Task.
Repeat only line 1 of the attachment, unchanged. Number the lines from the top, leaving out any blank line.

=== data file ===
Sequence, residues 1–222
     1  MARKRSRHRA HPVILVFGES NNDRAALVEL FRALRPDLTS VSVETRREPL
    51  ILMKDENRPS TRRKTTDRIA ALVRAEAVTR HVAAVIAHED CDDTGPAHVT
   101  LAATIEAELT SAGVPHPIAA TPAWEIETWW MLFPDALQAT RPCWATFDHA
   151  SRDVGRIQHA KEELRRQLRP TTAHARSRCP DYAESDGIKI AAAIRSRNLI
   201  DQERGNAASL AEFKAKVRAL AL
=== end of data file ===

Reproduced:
Sequence, residues 1–222